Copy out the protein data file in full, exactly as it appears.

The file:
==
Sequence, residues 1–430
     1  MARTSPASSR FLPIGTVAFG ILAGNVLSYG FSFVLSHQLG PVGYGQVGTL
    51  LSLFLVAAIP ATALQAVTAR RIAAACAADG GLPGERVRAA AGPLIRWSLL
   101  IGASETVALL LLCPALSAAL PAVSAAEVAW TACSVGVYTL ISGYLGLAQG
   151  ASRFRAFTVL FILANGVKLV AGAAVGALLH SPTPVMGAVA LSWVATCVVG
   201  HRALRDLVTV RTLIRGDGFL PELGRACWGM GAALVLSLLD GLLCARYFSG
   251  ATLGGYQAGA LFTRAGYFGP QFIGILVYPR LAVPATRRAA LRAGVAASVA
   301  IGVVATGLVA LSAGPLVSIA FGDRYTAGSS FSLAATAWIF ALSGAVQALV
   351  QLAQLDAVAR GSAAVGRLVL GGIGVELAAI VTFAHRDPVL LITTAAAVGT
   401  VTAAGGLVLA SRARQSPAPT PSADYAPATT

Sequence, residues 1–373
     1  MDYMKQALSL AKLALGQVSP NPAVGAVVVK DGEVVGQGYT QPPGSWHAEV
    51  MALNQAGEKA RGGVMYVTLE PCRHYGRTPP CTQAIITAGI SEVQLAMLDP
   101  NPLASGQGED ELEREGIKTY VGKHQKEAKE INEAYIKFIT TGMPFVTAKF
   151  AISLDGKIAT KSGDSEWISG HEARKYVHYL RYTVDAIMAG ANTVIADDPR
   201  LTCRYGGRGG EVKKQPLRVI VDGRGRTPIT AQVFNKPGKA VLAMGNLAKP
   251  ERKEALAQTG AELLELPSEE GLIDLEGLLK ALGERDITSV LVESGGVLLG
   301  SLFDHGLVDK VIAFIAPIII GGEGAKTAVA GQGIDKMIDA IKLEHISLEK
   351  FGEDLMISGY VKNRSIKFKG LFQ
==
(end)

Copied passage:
Sequence, residues 1–430
     1  MARTSPASSR FLPIGTVAFG ILAGNVLSYG FSFVLSHQLG PVGYGQVGTL
    51  LSLFLVAAIP ATALQAVTAR RIAAACAADG GLPGERVRAA AGPLIRWSLL
   101  IGASETVALL LLCPALSAAL PAVSAAEVAW TACSVGVYTL ISGYLGLAQG
   151  ASRFRAFTVL FILANGVKLV AGAAVGALLH SPTPVMGAVA LSWVATCVVG
   201  HRALRDLVTV RTLIRGDGFL PELGRACWGM GAALVLSLLD GLLCARYFSG
   251  ATLGGYQAGA LFTRAGYFGP QFIGILVYPR LAVPATRRAA LRAGVAASVA
   301  IGVVATGLVA LSAGPLVSIA FGDRYTAGSS FSLAATAWIF ALSGAVQALV
   351  QLAQLDAVAR GSAAVGRLVL GGIGVELAAI VTFAHRDPVL LITTAAAVGT
   401  VTAAGGLVLA SRARQSPAPT PSADYAPATT

Sequence, residues 1–373
     1  MDYMKQALSL AKLALGQVSP NPAVGAVVVK DGEVVGQGYT QPPGSWHAEV
    51  MALNQAGEKA RGGVMYVTLE PCRHYGRTPP CTQAIITAGI SEVQLAMLDP
   101  NPLASGQGED ELEREGIKTY VGKHQKEAKE INEAYIKFIT TGMPFVTAKF
   151  AISLDGKIAT KSGDSEWISG HEARKYVHYL RYTVDAIMAG ANTVIADDPR
   201  LTCRYGGRGG EVKKQPLRVI VDGRGRTPIT AQVFNKPGKA VLAMGNLAKP
   251  ERKEALAQTG AELLELPSEE GLIDLEGLLK ALGERDITSV LVESGGVLLG
   301  SLFDHGLVDK VIAFIAPIII GGEGAKTAVA GQGIDKMIDA IKLEHISLEK
   351  FGEDLMISGY VKNRSIKFKG LFQ